A massive two-day reconstruction of an outbreak of foot-and-mouth disease is being carried out by the UK government.
Thousands of animals were slaughtered during the epidemic
Ministers, officials and vets are taking part in a simulation of two days in the 2001 outbreak when the disease had spread to five separate areas.
They are considering ways to stop the virus, including measures rejected by ministers in 2001, such as vaccination.
The exercise, named Hornbeam, aims to help avoid a repeat of the real epidemic when six million animals died.
During the outbreak in 2001, the countryside became a no-go area for visitors and a complete ban on transport of livestock was ordered, but these measures are not being put in place during the simulation.
The task of those taking part is to respond to a scenario in which the disease has spread to five separate areas in the course of a week.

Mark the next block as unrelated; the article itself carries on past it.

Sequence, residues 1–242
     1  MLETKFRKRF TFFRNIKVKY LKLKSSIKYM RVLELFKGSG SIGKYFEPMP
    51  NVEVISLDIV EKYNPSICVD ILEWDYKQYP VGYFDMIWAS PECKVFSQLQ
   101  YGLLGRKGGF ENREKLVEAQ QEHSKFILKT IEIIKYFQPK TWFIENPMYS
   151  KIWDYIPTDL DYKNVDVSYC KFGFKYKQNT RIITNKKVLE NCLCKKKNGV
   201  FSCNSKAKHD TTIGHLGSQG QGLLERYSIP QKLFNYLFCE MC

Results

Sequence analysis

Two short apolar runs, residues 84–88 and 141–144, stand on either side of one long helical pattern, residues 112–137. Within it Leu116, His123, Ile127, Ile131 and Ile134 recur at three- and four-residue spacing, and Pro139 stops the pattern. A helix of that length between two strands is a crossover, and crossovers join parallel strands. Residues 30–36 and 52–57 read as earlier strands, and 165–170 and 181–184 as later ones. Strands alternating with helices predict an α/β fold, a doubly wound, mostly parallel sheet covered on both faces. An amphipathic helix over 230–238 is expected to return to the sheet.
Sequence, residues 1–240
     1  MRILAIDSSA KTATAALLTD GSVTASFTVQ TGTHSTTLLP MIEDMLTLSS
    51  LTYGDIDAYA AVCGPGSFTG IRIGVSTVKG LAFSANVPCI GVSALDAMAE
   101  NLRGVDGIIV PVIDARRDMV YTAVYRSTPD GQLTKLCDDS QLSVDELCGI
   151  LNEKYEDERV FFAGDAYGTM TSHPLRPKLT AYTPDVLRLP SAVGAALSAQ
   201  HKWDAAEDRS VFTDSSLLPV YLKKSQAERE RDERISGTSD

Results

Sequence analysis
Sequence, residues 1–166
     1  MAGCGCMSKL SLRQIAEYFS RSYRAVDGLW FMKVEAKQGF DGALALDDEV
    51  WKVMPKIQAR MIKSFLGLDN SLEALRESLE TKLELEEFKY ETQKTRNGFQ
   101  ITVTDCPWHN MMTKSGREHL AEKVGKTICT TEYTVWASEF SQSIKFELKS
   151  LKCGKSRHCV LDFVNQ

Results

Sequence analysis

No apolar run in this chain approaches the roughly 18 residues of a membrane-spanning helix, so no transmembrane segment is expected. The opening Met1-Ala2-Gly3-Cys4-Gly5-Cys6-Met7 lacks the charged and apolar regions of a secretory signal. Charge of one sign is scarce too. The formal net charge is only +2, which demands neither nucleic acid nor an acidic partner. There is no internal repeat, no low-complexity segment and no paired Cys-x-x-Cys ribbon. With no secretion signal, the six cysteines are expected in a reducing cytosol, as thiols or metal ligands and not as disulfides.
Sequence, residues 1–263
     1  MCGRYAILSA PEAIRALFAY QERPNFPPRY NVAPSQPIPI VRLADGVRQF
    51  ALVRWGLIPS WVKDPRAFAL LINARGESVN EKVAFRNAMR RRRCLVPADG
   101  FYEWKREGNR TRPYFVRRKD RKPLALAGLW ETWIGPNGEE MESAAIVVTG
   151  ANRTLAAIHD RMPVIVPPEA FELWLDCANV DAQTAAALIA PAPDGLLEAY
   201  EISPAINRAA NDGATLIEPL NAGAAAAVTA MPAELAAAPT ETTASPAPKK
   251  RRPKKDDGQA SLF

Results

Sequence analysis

That is the point at which a decision would be made on the use of emergency vaccination.
Vaccination was repeatedly rejected in 2001, but the government will have to consider it in the simulation.
Animal Health and Welfare Minister Ben Bradshaw said vaccination was a "crucial area" to be tested.
He said: "It is essential that the department's ability to fight a new outbreak of this disease is tested thoroughly and that plans are realistic and achievable.
"Vaccination can be an important part of the armoury and a great deal of work has been done by the department in turning it into a practical possibility."
The seven-month foot-and-mouth outbreak left Britain's tourism trade in tatters.
And ministers were criticised over the handling of the crisis in an independent inquiry.
The Lessons Learned Inquiry recommended that the Army be brought in sooner to control any future outbreak.
The Hornbeam exercise was developed by the State Veterinary Service for the Department for Environment, Food and Rural Affairs.